Even with the flaws, I was able to enjoy the book immensely, and I may even read it again immediately. That's the highest endorsement I can give a book.

Wednesday, September 14, 2011

Rest in Peace......

I have just come home from the funeral home, attending the visitation of a friend from high school. Another woman who died way too young. She would have been 50 tomorrow, and I swear she was just vain enough to die on purpose before that milestone birthday. I mean absolutely no disrespect by that either.

Kim struggled with anorexia for years. I wasn't even aware until tonight that it stretched back into our high school days. I thought those problems only started after high school. She had an ugly break-up with a boyfriend (and he was no prize, let me tell you), and she was never the same after that. She married, adopted a son from Costa Rica (she was unable to have children of her own), divorced, remarried. We lost touch over the years, although I do recall running into her one day several years ago.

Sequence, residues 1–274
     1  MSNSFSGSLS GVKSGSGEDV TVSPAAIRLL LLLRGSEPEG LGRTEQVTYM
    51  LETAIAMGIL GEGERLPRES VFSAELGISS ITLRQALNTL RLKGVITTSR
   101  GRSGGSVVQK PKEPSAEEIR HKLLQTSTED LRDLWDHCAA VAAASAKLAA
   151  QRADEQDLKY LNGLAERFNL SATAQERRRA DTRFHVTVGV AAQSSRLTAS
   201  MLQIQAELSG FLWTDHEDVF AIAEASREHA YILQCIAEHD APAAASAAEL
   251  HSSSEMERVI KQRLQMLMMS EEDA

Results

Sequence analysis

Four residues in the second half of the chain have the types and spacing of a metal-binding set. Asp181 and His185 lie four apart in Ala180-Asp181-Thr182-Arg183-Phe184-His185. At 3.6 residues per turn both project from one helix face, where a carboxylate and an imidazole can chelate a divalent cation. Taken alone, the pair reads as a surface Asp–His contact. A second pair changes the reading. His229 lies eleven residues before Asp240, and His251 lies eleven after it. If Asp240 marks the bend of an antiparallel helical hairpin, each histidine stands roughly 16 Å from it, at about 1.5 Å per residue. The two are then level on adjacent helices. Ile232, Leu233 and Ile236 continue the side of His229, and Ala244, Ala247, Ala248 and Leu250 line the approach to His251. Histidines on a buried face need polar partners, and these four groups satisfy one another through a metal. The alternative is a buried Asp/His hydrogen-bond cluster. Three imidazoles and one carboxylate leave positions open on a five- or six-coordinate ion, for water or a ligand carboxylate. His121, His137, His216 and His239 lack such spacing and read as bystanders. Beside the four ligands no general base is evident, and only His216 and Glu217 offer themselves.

The pictures showing on the t.v. set at the funeral home were haunting. Kim's smile was too big, too plastic, as if she were trying too hard to appear happy. I remember her being that way from school, but apparently it continued into adulthood. It was like there was no one there behind those beautiful blue eyes. Thin. She was so thin.

I'm not even sure how she died. Amanda said she had heard Kim had a stroke a while back, which may be related to the anorexia or may be a separate issue altogether.

I was dismayed to see no one else from school there. Amanda was trying to make it from Atlanta, but she got stuck in traffic on I-85 and wouldn't have made it before visitation was over, so she turned around. At first I thought I was in line for the wrong person, because I didn't see a single person I recognized. I'm not sure Kim's mother realized who I was, even though I told her my name and told her Amanda was on her way. (Amanda and Kim were much closer than Kim and I.)

No one cried. Not a single tear was shed in that funeral home. Maybe that's the way it's supposed to be. But it felt weird.

I'm glad her demons can't get to her anymore.

Rest in peace, Kim.

Tuesday, September 13, 2011

Not the Usual Police Blotter Blogger Fodder.......